• Rieslings: The popularity of Riesling, thanks to its being one of the best studies of terroir continued through 2015 with a focus being on Rieslings across the spectrum from dry to sweet. The Riesling swing should continue through 2016 based on how much its popularity increased during late 2015.
  • Virginia, Texas, and New Jersey: Looks like we jumped the gun on these. While they are definitely growing it will likely be a few more years before we see a tremendous trend toward wine from these regions but Virginia will definitely be first. And don’t forget you heard it here!
  • Honey: While honey made a splash in the skincare world, it didn’t pop up as much as we thought in the wine world.

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Wines To Serve With Holiday Dinner

Whether you’re planning on celebrating Christmas with a ham, Hanukkah with brisket and potato pancakes, or Kwanzaa with soul food or African cuisine we’ll take the guesswork out of picking the wine.  We’ve included traditional dishes from around the world, too, so that you can celebrate however you want without worrying about the wine.


Kwanzaa is a secular holiday celebrated by African Americans in the United States honoring African-American traditions. It is based around seven core principles and includes colored candles in a Kenorah that are lit each night during the festival.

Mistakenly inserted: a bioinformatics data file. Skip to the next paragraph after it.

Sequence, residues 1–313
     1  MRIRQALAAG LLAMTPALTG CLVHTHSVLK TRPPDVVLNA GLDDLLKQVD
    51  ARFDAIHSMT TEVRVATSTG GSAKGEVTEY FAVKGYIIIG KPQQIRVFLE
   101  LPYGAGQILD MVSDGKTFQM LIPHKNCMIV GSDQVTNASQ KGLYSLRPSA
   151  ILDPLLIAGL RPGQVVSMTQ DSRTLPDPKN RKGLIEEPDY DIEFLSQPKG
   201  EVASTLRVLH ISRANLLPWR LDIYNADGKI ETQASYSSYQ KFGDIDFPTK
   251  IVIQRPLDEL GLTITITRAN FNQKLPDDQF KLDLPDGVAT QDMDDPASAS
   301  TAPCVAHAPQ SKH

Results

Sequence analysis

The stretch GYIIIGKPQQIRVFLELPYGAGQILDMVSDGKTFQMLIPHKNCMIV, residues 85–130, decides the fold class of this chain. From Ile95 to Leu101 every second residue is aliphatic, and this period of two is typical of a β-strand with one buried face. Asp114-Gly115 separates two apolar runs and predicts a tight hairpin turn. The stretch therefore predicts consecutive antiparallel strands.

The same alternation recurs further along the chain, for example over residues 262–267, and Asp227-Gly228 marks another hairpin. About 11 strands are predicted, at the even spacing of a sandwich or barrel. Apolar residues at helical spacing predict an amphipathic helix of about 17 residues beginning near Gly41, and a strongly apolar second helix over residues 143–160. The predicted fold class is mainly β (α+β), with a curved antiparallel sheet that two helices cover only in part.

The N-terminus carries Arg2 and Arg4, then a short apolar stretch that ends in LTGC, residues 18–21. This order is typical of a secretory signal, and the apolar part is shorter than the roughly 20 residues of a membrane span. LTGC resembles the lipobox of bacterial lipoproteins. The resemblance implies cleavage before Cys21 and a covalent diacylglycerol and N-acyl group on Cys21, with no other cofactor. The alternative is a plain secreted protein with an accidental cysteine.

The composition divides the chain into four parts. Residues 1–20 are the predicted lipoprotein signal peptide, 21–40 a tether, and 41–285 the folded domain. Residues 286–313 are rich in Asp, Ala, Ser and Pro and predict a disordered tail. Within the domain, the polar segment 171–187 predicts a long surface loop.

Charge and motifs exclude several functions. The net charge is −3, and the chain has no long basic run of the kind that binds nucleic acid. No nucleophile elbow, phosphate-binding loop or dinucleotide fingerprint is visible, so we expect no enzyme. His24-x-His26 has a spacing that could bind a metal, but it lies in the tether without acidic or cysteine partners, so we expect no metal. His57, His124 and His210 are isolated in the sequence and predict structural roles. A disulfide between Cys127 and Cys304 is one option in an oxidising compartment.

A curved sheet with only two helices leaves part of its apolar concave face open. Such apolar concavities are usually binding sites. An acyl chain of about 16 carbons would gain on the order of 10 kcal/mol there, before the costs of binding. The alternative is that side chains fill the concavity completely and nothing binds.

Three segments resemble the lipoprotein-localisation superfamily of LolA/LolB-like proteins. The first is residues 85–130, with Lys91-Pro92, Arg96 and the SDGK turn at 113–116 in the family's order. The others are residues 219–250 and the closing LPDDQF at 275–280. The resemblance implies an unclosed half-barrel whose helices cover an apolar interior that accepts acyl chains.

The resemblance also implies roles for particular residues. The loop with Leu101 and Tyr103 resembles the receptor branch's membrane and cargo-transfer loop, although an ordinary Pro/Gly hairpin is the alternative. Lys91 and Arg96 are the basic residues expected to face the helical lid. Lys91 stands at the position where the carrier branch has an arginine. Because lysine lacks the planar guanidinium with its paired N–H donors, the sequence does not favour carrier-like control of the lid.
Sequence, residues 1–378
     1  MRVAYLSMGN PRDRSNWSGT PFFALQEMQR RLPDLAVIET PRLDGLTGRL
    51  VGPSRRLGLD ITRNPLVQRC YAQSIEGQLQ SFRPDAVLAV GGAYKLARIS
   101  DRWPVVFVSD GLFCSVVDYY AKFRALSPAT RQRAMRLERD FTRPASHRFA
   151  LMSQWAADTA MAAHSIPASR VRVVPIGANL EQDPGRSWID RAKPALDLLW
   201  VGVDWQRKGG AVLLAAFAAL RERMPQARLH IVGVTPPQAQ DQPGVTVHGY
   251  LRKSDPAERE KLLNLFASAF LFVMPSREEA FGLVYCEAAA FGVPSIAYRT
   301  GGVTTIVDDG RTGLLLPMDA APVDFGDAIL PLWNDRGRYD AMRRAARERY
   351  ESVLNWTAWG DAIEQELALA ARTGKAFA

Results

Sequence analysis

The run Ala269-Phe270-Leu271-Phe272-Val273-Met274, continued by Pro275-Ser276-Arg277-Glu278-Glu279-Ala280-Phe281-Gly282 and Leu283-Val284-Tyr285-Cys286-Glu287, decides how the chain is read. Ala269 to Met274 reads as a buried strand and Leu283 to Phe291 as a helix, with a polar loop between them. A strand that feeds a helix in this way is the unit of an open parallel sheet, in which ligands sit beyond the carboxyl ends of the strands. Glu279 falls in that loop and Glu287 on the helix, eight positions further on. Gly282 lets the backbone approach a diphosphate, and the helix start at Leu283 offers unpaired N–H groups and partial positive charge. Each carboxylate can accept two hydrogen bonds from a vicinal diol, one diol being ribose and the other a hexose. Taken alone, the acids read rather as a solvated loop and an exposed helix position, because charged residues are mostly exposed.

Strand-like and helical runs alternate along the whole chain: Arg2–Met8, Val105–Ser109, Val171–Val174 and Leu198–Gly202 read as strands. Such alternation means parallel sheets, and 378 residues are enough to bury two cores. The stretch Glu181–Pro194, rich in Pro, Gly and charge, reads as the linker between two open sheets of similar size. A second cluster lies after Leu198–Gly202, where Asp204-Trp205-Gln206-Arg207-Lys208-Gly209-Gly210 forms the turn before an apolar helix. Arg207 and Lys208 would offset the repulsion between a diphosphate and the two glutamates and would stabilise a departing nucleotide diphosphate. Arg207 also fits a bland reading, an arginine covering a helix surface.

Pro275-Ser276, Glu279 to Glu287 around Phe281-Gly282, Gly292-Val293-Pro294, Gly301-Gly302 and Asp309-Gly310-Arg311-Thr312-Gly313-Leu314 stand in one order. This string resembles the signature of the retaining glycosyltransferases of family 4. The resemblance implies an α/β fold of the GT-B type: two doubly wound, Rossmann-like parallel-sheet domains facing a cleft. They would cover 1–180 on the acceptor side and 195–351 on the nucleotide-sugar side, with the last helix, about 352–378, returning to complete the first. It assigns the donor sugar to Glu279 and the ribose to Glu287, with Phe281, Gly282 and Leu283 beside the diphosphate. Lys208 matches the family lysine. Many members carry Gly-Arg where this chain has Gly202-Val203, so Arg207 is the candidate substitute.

During Kwanzaa dinners, many eat soul food, from the American south, or African dishes. If you’re enjoying soul food, consider a sparkling rose wine, Gewurztraminer, or something with a little zip to cut through the gravy. Another option is to go sweet to balance out the savory flavors in the meal. Whatever you do, stay away from high tannin reds if your Kwanzaa meal will include greens – you don’t want to match bitter with bitter, it just never works.


Hanukkah is the Jewish holiday that celebrates the restoration of the temple including the miracle of a day’s worth of oil lasting eight days. Each night one candle in the Menorah is lit and prayed over to commemorate the miracle. While dishes are varied, many Jews, religious and secular, eat brisket as their main course. Along with brisket there are sidedishes loaded with carbs and cheese like latkes (potato pancakes) and blintzes. The best bet is sparkling wine, since the food is oily and the bubbles will keep the palate from being overwhelmed and lose its ability to taste. Stick to sparkling whites, like prosecco, for the best pairing.

Many American Jews enjoy a movie and Chinese food on Christmas Day, so if it’s takeout or a restaurant for you, be sure to check out our helpful guide to pairing wine with Chinese. Read More

The Grape Debate – Vinifera vs. Hybrid Grapes

Chances are if you’re drinking wine from South America, Europe, Australia or California you’re having a Chardonnay or a Riesling. A Merlot or Pinot Noir or Malbec. But what about other parts of the world? Parts that don’t have climates conducive to grapes and yet produce wine? What’s that all about?

Understanding Two Types Of Grapes

In winemaking, in addition to the two types of grapes we’re used to, red and white, there are also two others: Vitis vinifera and hybrid. And these grapes are a favorite topic to debate by wine lovers off all kinds. In this post we’ll break them down so that you can understand and evaluate for yourself which side of the debate you’re on.